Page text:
We are updating the design of this site. Learn more.
Show more
ClinicalTrials.gov
ClinicalTrials.gov Menu

Signs and Symptoms of Genetic Abnormalities Linked to Inherited Heart Disease

This study has been completed.
Sponsor:
ClinicalTrials.gov Identifier:
NCT00001881
First Posted: December 10, 2002
Last Update Posted: March 4, 2008
The safety and scientific validity of this study is the responsibility of the study sponsor and investigators. Listing a study does not mean it has been evaluated by the U.S. Federal Government. Read our disclaimer for details.
Information provided by:
National Institutes of Health Clinical Center (CC)
  Purpose

Genetically inherited heart diseases (familial cardiomyopathies) are conditions affecting the heart passed on to family members through abnormalities in genetic information. These conditions are responsible for many heart related deaths and illnesses.

In this study researchers hope to determine the signs and symptoms (clinical correlation) associated with specific genetic abnormalities causing inherited heart diseases.

In order to do this, researchers plan to evaluate patients and family members of patients diagnosed with inherited heart disease. Patients participating in the study will undergo several tests including blood tests, electrocardiograms (EKG), and echocardiograms. Patients may also be asked to undergo an MRI of the heart to provide a clearer picture of it.

Patients participating in this study may not be directly benefited by it. However, information gathered from the study may contribute to the medical care, treatment, and prevention of problems for others in the future.


Condition
Cardiomyopathy, Hypertrophic, Familial

Study Type: Observational
Official Title: Clinical Manifestations of Mutations in Genes Linked to Familial Cardiomyopathy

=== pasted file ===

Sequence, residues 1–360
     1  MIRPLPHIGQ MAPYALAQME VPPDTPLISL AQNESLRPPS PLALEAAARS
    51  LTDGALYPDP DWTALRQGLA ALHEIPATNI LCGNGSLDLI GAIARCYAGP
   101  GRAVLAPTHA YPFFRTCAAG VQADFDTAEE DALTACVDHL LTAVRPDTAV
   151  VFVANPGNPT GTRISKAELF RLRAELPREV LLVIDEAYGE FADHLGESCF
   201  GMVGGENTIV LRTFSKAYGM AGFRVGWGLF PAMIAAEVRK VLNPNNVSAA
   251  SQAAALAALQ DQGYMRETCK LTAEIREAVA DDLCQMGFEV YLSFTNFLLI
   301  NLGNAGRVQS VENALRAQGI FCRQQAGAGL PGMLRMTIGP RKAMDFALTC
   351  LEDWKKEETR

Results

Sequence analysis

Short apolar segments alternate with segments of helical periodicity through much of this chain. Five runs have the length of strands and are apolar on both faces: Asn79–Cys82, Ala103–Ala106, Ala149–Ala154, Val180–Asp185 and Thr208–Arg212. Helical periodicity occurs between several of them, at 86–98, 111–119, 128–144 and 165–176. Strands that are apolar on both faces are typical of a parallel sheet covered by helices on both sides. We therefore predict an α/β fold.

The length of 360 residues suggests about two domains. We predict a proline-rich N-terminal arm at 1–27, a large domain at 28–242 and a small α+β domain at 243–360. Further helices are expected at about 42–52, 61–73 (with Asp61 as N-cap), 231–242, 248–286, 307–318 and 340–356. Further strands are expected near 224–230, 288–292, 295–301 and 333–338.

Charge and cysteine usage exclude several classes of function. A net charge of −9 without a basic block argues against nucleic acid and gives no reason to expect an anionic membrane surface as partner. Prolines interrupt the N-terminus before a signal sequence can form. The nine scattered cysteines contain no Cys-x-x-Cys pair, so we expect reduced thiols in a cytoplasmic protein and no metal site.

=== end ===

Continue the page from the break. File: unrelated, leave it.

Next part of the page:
Resource links provided by NLM:


Further study details as provided by National Institutes of Health Clinical Center (CC):

Estimated Enrollment: 9999
Study Start Date: March 1999
Estimated Study Completion Date: April 2001
Detailed Description:
Familial cardiomyopathy (FC) often demonstrates both non-allelic and allelic genetic heterogeneity. We propose to determine the clinical correlates of specific genetic defects which cause FC by identifying and expanding a set of kindreds with identical and distinct molecular defects.
  Eligibility

Information from the National Library of Medicine

Choosing to participate in a study is an important personal decision. Talk with your doctor and family members or friends about deciding to join a study. To learn more about this study, you or your doctor may contact the study research staff using the contacts provided below. For general information, Learn About Clinical Studies.


Ages Eligible for Study:   Child, Adult, Senior
Sexes Eligible for Study:   All
Accepts Healthy Volunteers:   No
Criteria
Individuals with cardiomyopathy referred for evaluation to the NIH.
  Contacts and Locations
Information from the National Library of Medicine

To learn more about this study, you or your doctor may contact the study research staff using the contact information provided by the sponsor.

Please refer to this study by its ClinicalTrials.gov identifier (NCT number): NCT00001881


Locations
United States, Maryland
National Heart, Lung and Blood Institute (NHLBI)
Bethesda, Maryland, United States, 20892
Sponsors and Collaborators
National Heart, Lung, and Blood Institute (NHLBI)
  More Information

Publications:
ClinicalTrials.gov Identifier: NCT00001881     History of Changes
Other Study ID Numbers: 990065
99-H-0065
First Submitted: November 3, 1999
First Posted: December 10, 2002
Last Update Posted: March 4, 2008
Last Verified: February 2000

Keywords provided by National Institutes of Health Clinical Center (CC):
Cardiac Hypertrophy
Genetics
Phenotypes
Hypertrophic Cardiomyopathy

Additional relevant MeSH terms:
Cardiomyopathies
Hypertrophy
Cardiomyopathy, Hypertrophic
Cardiomyopathy, Hypertrophic, Familial
Heart Diseases
Cardiovascular Diseases
Pathological Conditions, Anatomical
Aortic Stenosis, Subvalvular
Aortic Valve Stenosis
Heart Valve Diseases
Genetic Diseases, Inborn